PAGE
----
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Publication numberUS1754763 A
Publication typeGrant
Publication dateApr 15, 1930
Filing dateFeb 13, 1928
Priority dateFeb 13, 1928
Publication numberUS 1754763 A, US 1754763A, US-A-1754763, US1754763 A, US1754763A
InventorsMarcus Nunnally Joseph
Original AssigneeMarcus Nunnally Joseph
Export CitationBiBTeX, EndNote, RefMan
External Links: USPTO, USPTO Assignment, Espacenet
Therapeutic pad
US 1754763 A
Abstract  available in
Images(1)
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Claims  available in
Description  (OCR text may contain errors)

April 15, 1930. J. M NUNNALLY 1,754,763v

THERAPEUTIC PAD Filed Feb. 13. 1928 11i/lill. mzzl/111111111111. lll

/wvE/V ro/e 19AM/#44M Patented Apr. 15, 1930 UNITED STATES JOSEPH MARCUS NUNNALLY, OF HOLLYWOOD, CALIFORNIA THERAPEUTIC PAD Application 1ed February 13, 1928. Serial No. 254,022.

My invention relates to a therapeutic pad or applicatorl and the principal object of my invention is to provide a relatively simple, practical and inexpensive pad that may be be advantageously employed for applying heatand vapor to the body for the treatment of various ailments, such as rheumatism, lumbago, muscular aches or pains, and the like, and said device being also highly effective in stimulating the circulation of blood in the human bod and particularly those parts to which the applicator is applied.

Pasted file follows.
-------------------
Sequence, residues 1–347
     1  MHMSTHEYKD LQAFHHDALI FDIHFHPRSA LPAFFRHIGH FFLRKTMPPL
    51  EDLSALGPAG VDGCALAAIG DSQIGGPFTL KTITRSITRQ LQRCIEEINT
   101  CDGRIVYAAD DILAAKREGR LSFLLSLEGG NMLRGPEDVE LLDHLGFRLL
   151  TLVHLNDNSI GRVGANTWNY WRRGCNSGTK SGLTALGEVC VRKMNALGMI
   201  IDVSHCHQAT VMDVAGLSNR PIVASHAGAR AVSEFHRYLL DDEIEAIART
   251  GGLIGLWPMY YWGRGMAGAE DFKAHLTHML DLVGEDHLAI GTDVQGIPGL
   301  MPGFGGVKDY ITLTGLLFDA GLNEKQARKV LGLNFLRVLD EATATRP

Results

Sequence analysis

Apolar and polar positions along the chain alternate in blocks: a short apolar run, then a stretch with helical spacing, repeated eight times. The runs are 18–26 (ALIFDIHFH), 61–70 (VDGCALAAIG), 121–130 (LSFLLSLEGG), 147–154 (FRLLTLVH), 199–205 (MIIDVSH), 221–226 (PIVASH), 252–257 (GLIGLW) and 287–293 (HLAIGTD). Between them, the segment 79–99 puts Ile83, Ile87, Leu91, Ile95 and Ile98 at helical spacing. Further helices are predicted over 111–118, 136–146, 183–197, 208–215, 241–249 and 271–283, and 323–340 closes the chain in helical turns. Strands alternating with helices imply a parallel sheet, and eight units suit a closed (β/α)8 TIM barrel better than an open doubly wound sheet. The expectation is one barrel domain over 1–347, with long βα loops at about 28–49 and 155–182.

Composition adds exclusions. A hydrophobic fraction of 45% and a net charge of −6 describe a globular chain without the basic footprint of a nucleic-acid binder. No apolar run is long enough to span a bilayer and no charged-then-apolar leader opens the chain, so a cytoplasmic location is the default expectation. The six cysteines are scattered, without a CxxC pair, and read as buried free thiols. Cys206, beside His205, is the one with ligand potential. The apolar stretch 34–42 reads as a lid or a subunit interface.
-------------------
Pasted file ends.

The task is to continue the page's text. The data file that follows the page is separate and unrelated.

A further object of my invention is to provide a therapeutic pad or applicator that is electrically heated and said pad or applicator carrying an absorbent member that is adapted to receive a liquid, which, when Avaporized, will produce an excess or a relatively large amount of oxygen, and which latter will readily enter the pores of the skin as said pores open as a result of the heat developed within the pad or applicator.

A further object of my invention is to provide a therapeutic pad of the character referred to that is relatively simple in construction, inexpensive of manufacture, and which will be very effective in performing the functions for which it is intended.

Vith the foregoing and other objects in view, my invention consists in certain novel features of construction and arrangement of parts that will hereinafter be more fully described and claimed and illustrated in the accompanying drawing, inlwhich- Fig. 1 is a perspective view of a therapeutic pad of my improved construction.

Fig. 2 is a vertical section taken on the line 2-2 of Fig. 1.

Fig. 3 is an enlarged horizontal section taken on the line 3--3 of Fig. 1.

Fig. 4 is an enlarged vertical section taken on the line 4 4 of Fig. 1.

Referring by numerals to the accompanying drawing, which illustrates a practical embodiment of my invention, 1() designates a box-like container preferably formed of light weight sheet metal, suoli as aluminum, said container comprising side walls, end walls, and a bottom or back, and the top orfront being open.